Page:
NEW YORK, NY.- Nadav Kander
began a three year survey of secret Soviet scientific cities and missile test sites when he learned of the existence of two closed cities on the border between Kazakhstan and Russia that tickled his curiosity for secrecy and his interest in the aesthetics of destruction. This fascination then took him from East Kazakhstan to the desolated landscapes of the Aral Sea.
The restricted military zones of Priozersk and Kurtchatov did not appear on any map until well after the end of the Cold War. Long-distance missiles were tested in Priozersk, only known at the time as Moscow 10, under great secrecy. Hundreds of atomic bombs were detonated in the so-called Polygon near Kurchatov until the program ended in 1989. The bombs were exploded in a remote but still populated area, and covert studies were made of the effects of the radiation on the unsuspecting inhabitants.
He was then drawn to the bleak Aral Sea where there had been a military presence in the area, which had been responsible for launching the missiles used in the development of the defence systems in Moscow 10.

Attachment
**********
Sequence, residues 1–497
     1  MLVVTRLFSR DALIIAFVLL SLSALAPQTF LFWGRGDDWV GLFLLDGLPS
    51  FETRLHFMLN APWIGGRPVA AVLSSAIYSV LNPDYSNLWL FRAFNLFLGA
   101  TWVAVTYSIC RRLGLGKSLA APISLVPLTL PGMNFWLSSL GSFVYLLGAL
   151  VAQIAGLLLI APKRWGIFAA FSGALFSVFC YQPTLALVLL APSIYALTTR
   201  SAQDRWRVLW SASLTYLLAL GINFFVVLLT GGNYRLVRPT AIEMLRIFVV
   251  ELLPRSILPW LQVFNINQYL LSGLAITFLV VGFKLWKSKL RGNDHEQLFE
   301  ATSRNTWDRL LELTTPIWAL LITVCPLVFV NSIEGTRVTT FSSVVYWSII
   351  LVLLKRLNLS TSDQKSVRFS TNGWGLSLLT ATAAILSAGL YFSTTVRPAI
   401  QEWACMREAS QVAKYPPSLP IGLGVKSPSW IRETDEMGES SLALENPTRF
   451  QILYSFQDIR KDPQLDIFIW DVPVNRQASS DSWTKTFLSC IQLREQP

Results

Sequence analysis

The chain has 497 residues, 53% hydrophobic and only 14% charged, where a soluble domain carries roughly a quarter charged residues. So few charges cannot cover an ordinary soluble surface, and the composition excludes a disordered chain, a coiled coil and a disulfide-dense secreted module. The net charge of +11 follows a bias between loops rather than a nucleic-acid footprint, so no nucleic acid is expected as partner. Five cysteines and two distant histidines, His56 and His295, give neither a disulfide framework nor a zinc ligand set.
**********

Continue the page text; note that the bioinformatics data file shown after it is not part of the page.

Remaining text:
Through this new series of fascinating pictures, Kander continues his exploration of the darker side of our nature, of mankind. He writes how the ticking of the Geiger counter on his belt while he photographed reminded him that he should not become too enthralled with the aesthetic and painterly allure of the crumbling ruins.
As Will Self writes about Kanders pictures in his introduction to the book, these images do not make beautiful what is not, they ask of us that we repurpose ourselves to accept a new order of both the beautiful and the real.
Born in 1961 and based in London, Nadav Kander is a recipient of the renowned Prix Pictet and one of todays most successful photographers.
In 2009 Kander was awarded the Prix Pictet and was also named International Photographer of the Year at the 7th Annual Lucie Awards. His work appears regularly in many international publications such as The New York Times Magazine and Time Magazine. Nadav's work is housed in several public collections including National Portrait Gallery, London, the V&A Museum and the Frank Suss Collection. He has exhibited internationally at venues including Musée de LElysee, Lausanne, Museum of Photographic Arts, San Diego, Kennedys Museum, Berlin, The Photographers Gallery and Somerset House, London, Palais de Tokyo, Paris and Herzilya Museum of Contemporary Art, Israel. Monographs include Bodies. 6 Women, 1 Man (2013) and Yangtze, The Long River (2010). Forthcoming: Dust (2014).